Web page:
HEALTH leaders have demanded response times improve for the NHS 111 advice line in Oxfordshire.
A national target demands 95 per cent of calls to the non-emergency line are answered within 60 seconds, but this was only met in six of the 12 months since last April.
Now budget managers have written to South Central Ambulance Service NHS Trust (SCAS), which provides the service, with concerns calls are not being answered quickly enough.
It is feared this will lead to people abandoning 111 and visiting A&E instead, adding pressure on hospitals.
Oxford Health spokesman Alistair Duncan said calls to 111 had risen as more people became aware of the service.
He said: “SCAS has been unable to meet this standard consistently during peaks of high demand, which has meant that someone calling 111 may have had to wait longer than 60 seconds for their call to be answered. On average, the additional wait is 40 seconds.
“Prolonged call waits may mean that patients requiring help or advice abandon the call and seek help by either calling 999 or visiting an emergency department.”
A joint “performance notice” has been issued to SCAS by Oxfordshire Clinical Commissioning Group (OCCG) and Oxford Health NHS Foundation Trust (OHFT).
These are handed to a provider where there are concerns about the services.
In December, 10 per cent of callers to the line waited more then 60 seconds for an answer, with 90 per cent answered within the first minute. January’s calls fell within the 95 per cent target, at 95.2 per cent.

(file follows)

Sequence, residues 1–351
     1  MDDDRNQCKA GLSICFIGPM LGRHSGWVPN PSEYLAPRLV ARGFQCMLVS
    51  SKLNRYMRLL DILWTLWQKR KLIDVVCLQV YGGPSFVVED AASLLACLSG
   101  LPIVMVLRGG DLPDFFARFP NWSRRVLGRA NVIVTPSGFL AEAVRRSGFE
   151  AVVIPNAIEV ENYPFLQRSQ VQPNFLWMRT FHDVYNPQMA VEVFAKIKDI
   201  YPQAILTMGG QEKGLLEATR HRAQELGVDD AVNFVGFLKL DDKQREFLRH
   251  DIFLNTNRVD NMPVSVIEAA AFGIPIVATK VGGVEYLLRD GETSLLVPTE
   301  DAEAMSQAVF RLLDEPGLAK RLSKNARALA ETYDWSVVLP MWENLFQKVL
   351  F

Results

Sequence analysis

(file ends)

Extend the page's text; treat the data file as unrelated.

Then in February 94.4 per cent were picked up within the 60 second target, and 92.9 per cent in March. But this was far worse in April, when the proportion of calls answered in 60 seconds was just 83.8 per cent.
The final year total number of callers who waited more than a minute was 94.4 per cent – below the 95 per cent target.
SCAS refused to release the number of calls answered and not answered within target as “contractual performance details (are) deemed commercially confidential”.
Ambulance service spokesman Michelle Archer said: “Over the past year demand patterns have changed for 111 and during the past two months, the activity has increased within Oxfordshire and other contracts we hold.
“The increase in activity is a positive change as it allows people who require urgent health care or advice to receive help in a timely way.
“We regret that on occasions there is an additional wait to answer calls, however we are doing our best to handle the increase in calls during peak times.
“We check the actual demand by hour on a weekly basis to ensure predicted call volumes are as accurate as possible to prevent unexpected increases.”
The 111 service opened in Oxfordshire in September 2012 to replace NHS Direct for medical health that is not life-threatening.
County calls are taken in Bicester, which has 197 staff, but another centre in Milton Keynes has been used to deal with demand, an OCCG report said.
It added: “At this point no patient safety risks have been identified.”
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